Idaho is known for its beautiful landscapes, outdoor recreational opportunities, and friendly residents. However, like any state, it has its own unique quirks and oddities that set it apart from the rest. Here are five things that may seem weird about Idaho:
- The state is home to the world’s largest potato, located in the small town of Blackfoot. The giant spud stands at over 20 feet tall and weighs in at over 17,000 pounds. It serves as a tourist attraction and a symbol of the state’s potato farming industry.
- The city of Boise has a unique law that prohibits residents from keeping a vacuum cleaner running for longer than five minutes at a time. This law was put in place to reduce noise pollution, but it may seem odd to some people.
- Idaho is home to the Snake River Birds of Prey National Conservation Area, which is home to the largest population of nesting birds of prey in North America. This area is home to hawks, eagles, falcons, and owls, and it is a unique and important ecosystem that can be found nowhere else in the world.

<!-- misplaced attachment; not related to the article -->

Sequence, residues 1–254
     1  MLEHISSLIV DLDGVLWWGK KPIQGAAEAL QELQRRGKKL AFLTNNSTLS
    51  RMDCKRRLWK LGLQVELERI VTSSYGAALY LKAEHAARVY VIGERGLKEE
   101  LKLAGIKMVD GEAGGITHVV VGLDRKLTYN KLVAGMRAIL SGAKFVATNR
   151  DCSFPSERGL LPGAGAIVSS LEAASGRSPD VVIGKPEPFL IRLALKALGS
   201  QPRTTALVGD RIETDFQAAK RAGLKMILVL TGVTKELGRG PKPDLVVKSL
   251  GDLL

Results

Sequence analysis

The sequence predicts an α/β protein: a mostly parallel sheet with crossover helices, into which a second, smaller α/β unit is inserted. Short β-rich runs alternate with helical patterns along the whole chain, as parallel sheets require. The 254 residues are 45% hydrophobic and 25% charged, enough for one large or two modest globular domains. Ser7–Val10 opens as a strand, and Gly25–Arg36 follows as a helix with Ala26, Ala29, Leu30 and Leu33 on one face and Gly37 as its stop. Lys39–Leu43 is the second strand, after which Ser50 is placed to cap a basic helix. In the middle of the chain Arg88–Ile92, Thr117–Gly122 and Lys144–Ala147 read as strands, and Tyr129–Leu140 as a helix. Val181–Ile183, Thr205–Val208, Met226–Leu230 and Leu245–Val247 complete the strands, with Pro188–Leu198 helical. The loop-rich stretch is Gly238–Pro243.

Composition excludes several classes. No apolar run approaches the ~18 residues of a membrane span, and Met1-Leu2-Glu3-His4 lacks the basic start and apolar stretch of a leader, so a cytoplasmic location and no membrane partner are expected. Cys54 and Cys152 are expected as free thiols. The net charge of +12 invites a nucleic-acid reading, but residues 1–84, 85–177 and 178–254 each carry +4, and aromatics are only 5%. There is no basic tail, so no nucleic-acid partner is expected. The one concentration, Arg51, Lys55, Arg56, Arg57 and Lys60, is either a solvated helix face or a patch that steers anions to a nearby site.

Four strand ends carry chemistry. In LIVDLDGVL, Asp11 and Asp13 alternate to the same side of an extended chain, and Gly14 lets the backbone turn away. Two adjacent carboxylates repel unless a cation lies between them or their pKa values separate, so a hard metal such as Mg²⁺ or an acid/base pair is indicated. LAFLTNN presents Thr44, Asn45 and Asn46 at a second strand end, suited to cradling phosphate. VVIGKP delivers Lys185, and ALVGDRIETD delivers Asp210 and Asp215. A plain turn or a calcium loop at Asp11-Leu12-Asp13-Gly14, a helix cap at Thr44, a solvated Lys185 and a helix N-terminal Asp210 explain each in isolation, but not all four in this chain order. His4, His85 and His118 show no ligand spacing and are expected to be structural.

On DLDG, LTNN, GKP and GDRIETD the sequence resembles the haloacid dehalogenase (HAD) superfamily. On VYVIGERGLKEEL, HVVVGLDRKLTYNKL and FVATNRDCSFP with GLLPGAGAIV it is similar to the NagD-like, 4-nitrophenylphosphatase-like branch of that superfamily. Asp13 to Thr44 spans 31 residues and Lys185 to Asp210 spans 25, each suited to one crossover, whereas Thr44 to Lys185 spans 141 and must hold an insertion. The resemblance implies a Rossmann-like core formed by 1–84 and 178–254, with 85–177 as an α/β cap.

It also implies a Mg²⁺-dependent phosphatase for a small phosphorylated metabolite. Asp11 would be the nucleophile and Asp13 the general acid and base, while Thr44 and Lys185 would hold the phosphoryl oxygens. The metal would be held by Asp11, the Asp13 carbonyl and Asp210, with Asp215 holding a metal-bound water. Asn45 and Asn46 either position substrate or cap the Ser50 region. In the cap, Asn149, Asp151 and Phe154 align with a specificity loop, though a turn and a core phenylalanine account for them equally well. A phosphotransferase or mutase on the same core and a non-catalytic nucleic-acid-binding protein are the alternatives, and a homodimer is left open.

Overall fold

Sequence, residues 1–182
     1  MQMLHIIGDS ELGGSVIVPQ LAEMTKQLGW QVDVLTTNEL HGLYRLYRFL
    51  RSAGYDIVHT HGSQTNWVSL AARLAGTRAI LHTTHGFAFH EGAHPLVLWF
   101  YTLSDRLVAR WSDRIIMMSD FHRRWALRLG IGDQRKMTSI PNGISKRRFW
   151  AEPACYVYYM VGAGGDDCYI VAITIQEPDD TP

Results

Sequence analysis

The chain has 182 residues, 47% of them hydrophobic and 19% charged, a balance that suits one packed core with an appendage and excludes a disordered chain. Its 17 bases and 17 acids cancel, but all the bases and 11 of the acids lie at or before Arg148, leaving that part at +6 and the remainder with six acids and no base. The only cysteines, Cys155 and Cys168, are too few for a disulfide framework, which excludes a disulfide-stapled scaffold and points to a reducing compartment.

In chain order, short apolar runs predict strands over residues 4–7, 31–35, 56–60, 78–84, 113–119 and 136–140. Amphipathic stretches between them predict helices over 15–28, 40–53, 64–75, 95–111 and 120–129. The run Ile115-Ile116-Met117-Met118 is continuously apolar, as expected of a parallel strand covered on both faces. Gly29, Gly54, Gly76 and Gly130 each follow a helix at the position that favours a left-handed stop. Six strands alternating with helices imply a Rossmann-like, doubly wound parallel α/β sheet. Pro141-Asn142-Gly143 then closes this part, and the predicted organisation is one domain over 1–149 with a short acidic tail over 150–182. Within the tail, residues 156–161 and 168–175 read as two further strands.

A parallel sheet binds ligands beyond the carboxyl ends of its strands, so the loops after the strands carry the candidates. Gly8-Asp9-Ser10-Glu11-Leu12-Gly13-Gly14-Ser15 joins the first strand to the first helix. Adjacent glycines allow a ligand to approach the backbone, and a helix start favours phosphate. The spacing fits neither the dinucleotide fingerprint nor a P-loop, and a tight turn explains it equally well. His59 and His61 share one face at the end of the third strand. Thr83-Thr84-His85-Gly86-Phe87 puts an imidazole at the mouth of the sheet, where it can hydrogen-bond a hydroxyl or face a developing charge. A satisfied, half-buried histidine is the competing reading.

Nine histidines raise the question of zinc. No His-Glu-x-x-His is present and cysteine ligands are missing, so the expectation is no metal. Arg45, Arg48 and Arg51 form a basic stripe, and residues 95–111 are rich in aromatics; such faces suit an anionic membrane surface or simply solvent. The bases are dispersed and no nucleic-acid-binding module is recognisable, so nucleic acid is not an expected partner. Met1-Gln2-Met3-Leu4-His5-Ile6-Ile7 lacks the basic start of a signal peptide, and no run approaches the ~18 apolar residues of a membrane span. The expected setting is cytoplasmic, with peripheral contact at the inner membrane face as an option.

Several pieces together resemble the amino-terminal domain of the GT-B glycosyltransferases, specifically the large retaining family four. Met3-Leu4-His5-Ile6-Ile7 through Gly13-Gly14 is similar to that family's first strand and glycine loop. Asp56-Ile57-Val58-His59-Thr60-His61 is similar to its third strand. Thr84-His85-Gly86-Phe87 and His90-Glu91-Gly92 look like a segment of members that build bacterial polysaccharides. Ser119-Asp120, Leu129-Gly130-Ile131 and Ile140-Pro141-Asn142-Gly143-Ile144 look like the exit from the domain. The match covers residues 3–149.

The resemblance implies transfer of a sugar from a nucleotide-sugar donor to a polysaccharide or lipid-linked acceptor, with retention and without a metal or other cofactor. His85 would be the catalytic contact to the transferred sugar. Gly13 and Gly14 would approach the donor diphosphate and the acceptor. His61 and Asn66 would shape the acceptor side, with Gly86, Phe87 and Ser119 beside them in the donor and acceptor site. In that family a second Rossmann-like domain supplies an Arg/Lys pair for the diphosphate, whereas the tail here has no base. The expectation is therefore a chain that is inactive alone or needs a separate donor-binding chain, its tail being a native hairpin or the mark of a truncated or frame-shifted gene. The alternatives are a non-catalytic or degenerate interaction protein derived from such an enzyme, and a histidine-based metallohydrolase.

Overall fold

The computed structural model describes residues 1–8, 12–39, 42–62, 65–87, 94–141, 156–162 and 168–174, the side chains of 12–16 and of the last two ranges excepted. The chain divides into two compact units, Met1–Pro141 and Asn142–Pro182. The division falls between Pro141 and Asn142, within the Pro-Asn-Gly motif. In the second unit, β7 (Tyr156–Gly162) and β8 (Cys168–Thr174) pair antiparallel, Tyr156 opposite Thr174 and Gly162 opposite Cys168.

- The state has a large number of hot springs, many of which are located on public land and are open to the public. Some of these hot springs are quite remote and can only be accessed by hiking or horseback riding.
- Idaho is home to the Shoshone Ice Caves, a unique and otherworldly underground cave system that is only accessible by foot during the winter months. The caves are formed of ice and are constantly changing and melting, so they are a one-of-a-kind natural wonder that is well worth a visit.
While these facts may seem strange or unusual, they are just a small part of what makes Idaho such a unique and fascinating state. From giant potatoes to underground ice caves, there is always something new and interesting to discover in Idaho.